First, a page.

Enzymes Allow Type A Blood to be Converted to a Universal Donor for Use in Hospitals


The World Health Organisation estimates that 100 000 000 blood bags are required worldwide for blood transfusions every year. Transfusions are essential in restoring a patient’s red blood cell count which is important when treating a medical condition like anemia, during surgery or after childbirth.

However, transfusions can run into complications if the blood of the donor doesn’t match the blood of the recipient; this means the blood contains different types of antigens and will react with antibodies found on red blood cells if they are mixed, which causes an allergic response and the blood to clot together. To overcome this, all donor blood is tested beforehand, and a patient is only given the same blood type as their own. The only type of blood which is safe to give to any patient, even if their blood type is unknown, is O negative: the universal blood type.

O negative blood contain no antigens, meaning antibodies on red blood cells from the recipient’s blood have nothing to bind to and won’t cause any adverse reaction. This is especially useful in an emergency where there is no time to check blood type, as O negative can be given and there won’t be a risk of reaction. However only 13% of donors for the NHS are O negative, which means it isn’t available for universal use; this limits the supply drastically, and the NHS state that it’s a “constant challenge” to collect enough to meet the demand. In contrast blood type A is the second most common blood type and A positive makes up 30% of donors. Due to being readily available, there has been substantial work focused on removing the antigens found in type A blood in order to convert it into a universal donor blood type.

Biochemist Stephen Withers and Postdoctural researcher Peter Rahfeld from UBC, concluded the best place to find something to break down human blood was within humans. Thus, they investigated the gut microbiome community in humans using a technique called functional metagenomics. Bacteria in the gut gain most of their energy by cleaving large glycoproteins called mucins- a similar structure to A-defining antibodies. Withers and Rahfeld screened the enzyme activity of the bacteria in the gut with a mucin-like substrate that produced fluorescence when cleaved; this identifies which bacteria contain enzymes able to cleave the glycoprotein. This screening found two enzymes that originated from the gut of the bacteria Flavonifractor plautii, that were able to cleave the sugars and have since been proven to cleave antibodies in human blood as well. This research was theorized and attempted for years before Withers and Rahfeld executed it and is now being credited as a major breakthrough in the medical field as stated  by blood transfusion experts like Harvey Klein.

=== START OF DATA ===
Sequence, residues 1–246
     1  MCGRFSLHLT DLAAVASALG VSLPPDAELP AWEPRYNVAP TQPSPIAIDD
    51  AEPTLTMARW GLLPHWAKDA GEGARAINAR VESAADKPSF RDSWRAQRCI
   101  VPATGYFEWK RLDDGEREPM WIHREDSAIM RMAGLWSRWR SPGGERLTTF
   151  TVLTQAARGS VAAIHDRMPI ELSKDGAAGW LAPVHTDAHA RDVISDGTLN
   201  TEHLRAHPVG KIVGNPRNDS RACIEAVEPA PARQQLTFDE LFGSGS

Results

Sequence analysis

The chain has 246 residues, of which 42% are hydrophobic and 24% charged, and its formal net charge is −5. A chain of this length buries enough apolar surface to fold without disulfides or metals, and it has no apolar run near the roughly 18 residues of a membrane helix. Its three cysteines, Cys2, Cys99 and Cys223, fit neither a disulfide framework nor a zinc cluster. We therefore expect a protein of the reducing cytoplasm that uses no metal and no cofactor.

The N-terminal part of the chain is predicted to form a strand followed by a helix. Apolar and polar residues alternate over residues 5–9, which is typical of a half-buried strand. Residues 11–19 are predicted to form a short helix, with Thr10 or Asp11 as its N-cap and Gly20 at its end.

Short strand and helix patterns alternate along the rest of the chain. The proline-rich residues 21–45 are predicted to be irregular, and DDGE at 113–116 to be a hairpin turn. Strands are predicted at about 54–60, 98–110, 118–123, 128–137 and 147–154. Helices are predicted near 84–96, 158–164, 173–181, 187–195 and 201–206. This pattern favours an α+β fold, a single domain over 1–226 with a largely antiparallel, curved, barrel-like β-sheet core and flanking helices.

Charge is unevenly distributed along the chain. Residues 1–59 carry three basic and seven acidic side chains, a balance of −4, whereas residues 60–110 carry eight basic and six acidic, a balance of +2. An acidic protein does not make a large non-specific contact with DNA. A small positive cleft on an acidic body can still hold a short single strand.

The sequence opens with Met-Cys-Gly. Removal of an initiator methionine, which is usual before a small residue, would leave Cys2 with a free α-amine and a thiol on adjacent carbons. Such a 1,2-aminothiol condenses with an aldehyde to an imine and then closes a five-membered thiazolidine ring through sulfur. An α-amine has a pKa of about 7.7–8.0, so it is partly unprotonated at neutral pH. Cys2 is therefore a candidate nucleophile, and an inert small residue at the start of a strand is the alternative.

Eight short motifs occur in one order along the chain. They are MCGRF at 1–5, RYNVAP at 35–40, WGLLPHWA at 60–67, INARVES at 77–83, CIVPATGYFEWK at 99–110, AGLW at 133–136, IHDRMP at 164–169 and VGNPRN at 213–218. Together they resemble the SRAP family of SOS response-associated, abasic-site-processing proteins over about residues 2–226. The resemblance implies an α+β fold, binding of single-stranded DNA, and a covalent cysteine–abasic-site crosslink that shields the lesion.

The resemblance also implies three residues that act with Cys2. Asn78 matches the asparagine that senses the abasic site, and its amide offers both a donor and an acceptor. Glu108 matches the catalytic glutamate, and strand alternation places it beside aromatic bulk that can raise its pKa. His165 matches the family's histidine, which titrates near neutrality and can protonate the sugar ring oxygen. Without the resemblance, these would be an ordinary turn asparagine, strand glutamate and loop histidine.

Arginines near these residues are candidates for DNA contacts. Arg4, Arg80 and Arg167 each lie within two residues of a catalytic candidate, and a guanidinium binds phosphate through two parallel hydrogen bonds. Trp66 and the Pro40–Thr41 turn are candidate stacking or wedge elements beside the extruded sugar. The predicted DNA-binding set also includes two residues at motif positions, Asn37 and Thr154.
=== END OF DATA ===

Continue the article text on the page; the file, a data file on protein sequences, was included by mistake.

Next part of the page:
However some scientists remain more skeptical and are keen to see the long term effects of this research in medicine. A risk with recent studies like this one is how little we know about other possible long term effects, something that is acknowledged by Withers. Withers recognizes the potential of other molecules being removed from the blood cells by the enzymes as a side effect and how we currently cannot determine possible effects of this. Despite concerns, the potential this research has unlocked is undeniable; work can now be focused on altering other blood types such as type B and type AB to be universal donors too. Before Withers and Rahfeld’s study, this wasn’t a possibility, but further clinical testing and screening will decide how many applications their work has in the world of medicine.

Read more about their work in the original article by Elizabeth Pennisi  here, and the original journal article from Nature Microbiology here.


Third year Biology student

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